Latha: Plan has been scrapped, will be reviewed and represented, your thoughts, were you on the side of a higher FSI, what were your objections or positives on that plan?
Aggarwal: There are two broad aspects about this plan, one is that in land use which is what we are talking about, it was a step in the right direction and as what you rightly mentioned, along with that is that it did not address the concern. So I am sure now with the review, those concerns will be addressed and we would be well placed in having more open space for the city to breathe in.
Second of all, as far as we as developers are concerned — at Orbit we are specializing in redevelopment of properties and in redevelopment the actual area which was to be given both to tenant and available for free sell that was reduced. So it is a misnomer that it was across the board bonanza for development and there would be more land that would get released. So in redevelopment space, certainly it was a negative and we had objected to that ourselves.
The government has got 25,000 suggestion from people personal and general. So you would have a very large data base now to move in the direction that is generally viewed by the public which would be the right step.
Surabhi: Just to understand numbers and the genuineness of the problem, if we look at Mumbai’s support infrastructure, roads and sewage etc, being what it is today, realistically speaking, what sort of FSI range do you think the city’s civic and road infrastructure can support right now for the island city and for the suburbs because some of these suggestions, some of these viewpoints will make their way into the new plan whenever it comes up. Can you give us some broad sense of realistic FSI, which can be supported on current infrastructure?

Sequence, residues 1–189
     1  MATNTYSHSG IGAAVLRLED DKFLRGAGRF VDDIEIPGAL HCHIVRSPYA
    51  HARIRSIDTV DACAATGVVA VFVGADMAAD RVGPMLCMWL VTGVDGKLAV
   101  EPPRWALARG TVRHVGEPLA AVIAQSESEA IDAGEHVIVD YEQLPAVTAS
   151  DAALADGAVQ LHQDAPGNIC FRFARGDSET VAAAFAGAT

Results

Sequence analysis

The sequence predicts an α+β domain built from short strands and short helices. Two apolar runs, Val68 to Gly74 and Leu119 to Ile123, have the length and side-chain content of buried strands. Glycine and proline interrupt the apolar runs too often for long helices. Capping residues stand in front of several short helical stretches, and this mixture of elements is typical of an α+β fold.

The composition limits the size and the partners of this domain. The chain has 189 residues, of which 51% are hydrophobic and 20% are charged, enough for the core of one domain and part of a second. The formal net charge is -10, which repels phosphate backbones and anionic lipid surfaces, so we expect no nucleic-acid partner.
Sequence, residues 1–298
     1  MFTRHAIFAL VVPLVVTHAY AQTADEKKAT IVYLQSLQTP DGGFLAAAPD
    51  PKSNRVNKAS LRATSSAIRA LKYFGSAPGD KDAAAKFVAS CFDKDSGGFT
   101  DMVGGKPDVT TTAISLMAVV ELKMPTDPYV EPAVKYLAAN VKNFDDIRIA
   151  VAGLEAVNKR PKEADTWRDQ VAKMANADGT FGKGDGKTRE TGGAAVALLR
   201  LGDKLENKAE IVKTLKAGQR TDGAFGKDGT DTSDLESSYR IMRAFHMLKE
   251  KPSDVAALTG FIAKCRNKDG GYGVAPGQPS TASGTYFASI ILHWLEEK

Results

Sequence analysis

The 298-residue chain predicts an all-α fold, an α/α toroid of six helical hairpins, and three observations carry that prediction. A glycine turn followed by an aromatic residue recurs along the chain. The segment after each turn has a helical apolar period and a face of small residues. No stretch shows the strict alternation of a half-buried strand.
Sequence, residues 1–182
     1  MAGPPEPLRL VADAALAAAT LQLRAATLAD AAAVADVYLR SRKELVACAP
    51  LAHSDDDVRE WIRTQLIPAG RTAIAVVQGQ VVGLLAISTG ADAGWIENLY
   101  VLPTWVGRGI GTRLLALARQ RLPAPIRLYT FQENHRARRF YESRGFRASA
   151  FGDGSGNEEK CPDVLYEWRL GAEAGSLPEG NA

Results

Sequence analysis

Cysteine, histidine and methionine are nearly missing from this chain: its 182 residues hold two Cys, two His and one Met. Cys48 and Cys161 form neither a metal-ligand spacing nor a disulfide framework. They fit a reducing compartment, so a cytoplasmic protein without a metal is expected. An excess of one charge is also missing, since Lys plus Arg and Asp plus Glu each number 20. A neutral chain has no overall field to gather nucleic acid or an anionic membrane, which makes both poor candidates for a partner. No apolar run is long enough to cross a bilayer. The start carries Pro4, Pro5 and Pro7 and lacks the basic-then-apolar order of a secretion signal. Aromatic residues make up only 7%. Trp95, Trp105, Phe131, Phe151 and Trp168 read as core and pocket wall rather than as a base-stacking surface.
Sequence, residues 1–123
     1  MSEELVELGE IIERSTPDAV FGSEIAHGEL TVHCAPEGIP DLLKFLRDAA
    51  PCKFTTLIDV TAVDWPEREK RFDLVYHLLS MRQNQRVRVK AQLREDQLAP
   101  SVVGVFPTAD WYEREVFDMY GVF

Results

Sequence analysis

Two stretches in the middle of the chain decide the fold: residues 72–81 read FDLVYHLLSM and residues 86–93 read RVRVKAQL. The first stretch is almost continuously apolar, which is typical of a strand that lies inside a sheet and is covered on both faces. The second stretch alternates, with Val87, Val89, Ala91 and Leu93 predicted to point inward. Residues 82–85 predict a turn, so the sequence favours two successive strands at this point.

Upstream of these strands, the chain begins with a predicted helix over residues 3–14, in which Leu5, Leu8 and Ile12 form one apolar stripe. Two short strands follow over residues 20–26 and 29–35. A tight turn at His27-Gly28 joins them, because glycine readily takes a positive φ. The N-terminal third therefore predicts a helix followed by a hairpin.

Aggarwal: As far as our personal calculation is concerned and etc is that FSI across the board are between 3 and 4 is a fair FSI because if you look at two-three things, today people are travelling on the road, people are using the infrastructure as far as water, sewage etc are concerned so what we need to make sure is that the last mile is completed and everything is flowing through seamlessly. So we need to make sure that the people who are living today are living comfortably and in whatever little constraints that would be there, it would be addressed.
Second — FSI between 3 and 4 across the city of blended FSI would be the correct FSI that we should have. Again in the present law that we have today, we have FSI which is of 3 and 4 or 2.5 etc but you have areas which are free. Now in the new DP they were including all those areas like parking, entrance lobbies, lifts, staircase, corridors all into the FSI. Therefore there was a decrease in the so-called available space for habitable area with the land owner or with the developer or with the user.
So in this case, we are seeing an FSI 3 or 4 with the availability of free of FSI spaces that were already available.